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Mpact invests in IML

A R10-MILLION investment by Mpact in its FMCG plastics packaging plant in Pinetown, KZN, is enabling production of IML (in-mould labelled) packaging, especially for the dairy industry.

The new equipment produces high-quality IML containers for dairy products such as yoghurt, and is already producing containers for an export customer.

According to Neelin Naidoo, MD of Mpact’s Plastics division, the dairy sector is looking for innovative ways to contain costs. ‘Consumer spending is under strain and food producers are unable to pass on all cost increases,’ Neelin explains. ‘And, as fuel, imports and packaging are main contributors to these cost increases, we’re pleased to introduce new technology to produce high-quality IML packaging at high speed. This will help food producers to contain costs associated with packaging.’  

Initially, the new Engel high-speed moulding machine, fitted with a label robot from Illseman Automation, is producing top-quality 150ml yoghurt cups. Other sizes are to follow, depending on market demand.  

A high-cavitation mould from Glaroform in Switzerland gives a high-speed cycle time to produce some 55-million cups/year. The equipment complies with European safety standards and can accommodate moulds with higher cavitation. Cavitation refers to the number of cups produced in each cycle of the machine as it injects molten plastic into the moulds. Cavitation differs according to product size. Producing relatively-small 150ml yoghurt cups allows for a higher number of cavities to be used.  

The IML robot also reduces the risk of contamination by cutting down on human contact with the cup during the manufacturing process.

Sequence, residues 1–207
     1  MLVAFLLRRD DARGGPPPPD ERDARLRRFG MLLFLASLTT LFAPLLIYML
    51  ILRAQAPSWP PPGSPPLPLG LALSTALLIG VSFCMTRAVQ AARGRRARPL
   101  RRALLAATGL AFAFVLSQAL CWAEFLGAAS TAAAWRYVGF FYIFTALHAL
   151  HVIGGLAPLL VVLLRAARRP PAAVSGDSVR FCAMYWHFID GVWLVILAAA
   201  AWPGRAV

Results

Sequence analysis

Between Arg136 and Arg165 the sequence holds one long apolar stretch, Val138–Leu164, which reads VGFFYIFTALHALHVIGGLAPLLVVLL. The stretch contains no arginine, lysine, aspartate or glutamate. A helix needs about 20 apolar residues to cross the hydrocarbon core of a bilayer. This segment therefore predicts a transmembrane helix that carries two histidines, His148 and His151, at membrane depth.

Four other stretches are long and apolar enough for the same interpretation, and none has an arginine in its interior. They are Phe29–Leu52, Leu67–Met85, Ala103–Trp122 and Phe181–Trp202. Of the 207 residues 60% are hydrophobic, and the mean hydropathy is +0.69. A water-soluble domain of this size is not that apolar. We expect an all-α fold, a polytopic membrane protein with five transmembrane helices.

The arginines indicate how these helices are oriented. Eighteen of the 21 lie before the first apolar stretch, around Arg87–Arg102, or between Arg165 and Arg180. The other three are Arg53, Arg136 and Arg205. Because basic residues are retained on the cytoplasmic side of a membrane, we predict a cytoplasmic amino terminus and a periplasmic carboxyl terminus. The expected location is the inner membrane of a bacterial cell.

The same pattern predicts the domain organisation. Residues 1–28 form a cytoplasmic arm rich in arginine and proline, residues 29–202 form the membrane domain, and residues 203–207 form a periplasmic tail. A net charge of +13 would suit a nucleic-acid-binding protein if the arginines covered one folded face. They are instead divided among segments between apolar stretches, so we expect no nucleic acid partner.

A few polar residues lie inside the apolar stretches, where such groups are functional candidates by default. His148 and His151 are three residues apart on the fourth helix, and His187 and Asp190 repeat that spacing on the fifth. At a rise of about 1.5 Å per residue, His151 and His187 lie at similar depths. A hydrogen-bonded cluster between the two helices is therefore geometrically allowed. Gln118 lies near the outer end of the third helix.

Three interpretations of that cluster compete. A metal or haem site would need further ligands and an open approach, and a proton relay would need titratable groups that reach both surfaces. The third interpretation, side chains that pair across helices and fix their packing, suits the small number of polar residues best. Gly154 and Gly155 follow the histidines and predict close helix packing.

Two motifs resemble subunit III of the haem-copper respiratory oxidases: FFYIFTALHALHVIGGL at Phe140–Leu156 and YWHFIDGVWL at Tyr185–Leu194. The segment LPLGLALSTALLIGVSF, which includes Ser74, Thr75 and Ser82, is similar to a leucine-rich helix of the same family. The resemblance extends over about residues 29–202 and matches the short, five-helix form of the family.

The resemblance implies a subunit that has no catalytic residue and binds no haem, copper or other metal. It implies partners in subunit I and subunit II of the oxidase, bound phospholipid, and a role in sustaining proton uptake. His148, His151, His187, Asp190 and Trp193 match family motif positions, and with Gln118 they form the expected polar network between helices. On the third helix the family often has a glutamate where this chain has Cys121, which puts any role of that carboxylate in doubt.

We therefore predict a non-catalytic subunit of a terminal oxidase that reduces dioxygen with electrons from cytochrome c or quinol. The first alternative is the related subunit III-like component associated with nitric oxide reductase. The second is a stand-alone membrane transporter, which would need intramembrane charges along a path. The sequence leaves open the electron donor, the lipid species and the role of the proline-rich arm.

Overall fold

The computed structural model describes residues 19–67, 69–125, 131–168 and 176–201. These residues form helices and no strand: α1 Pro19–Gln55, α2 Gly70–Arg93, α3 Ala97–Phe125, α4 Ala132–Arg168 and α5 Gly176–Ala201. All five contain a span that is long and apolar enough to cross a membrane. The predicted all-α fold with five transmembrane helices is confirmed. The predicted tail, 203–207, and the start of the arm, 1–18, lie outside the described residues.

‘In developing this capability, we’ve also applied our knowledge in product application, product design and market needs,’ Neelin comments.  

The capabilities of the machinery have been tested and proven, confirms Paul Visagie, general manager of the Pinetown plant.  

‘Currently this IML system is used to manufacture polypropylene IML cups for an export customer. Four cameras measure each cup ejected from the mould for defects such as label displacement, label over-moulding and rim accuracy,’ Paul explains.  

Small print and multiple colours can also be used on labels without compromising quality; and changes to label artwork are less time-consuming than traditional decorating methods.

‘By keeping the more expensive elements of packaging consistent, we can help food producers to differentiate brands within a category by means of a simple label change,’ Paul maintains.

Also on offer are specialised labels offering oxygen barrier and temperature regulation, and various substrates and thicknesses to provide a variety of visual effects, such as pearlised, matt, gloss and metallic finishes.

This R10-million investment is very much in line with Mpact’s strategy to develop and selectively grow its leading market positions.

As Neelin Naidoo sums up: ‘We’ll continue to invest in our operations and our geographic footprint in order to meet customers’ changing needs and to remain cost competitive.’

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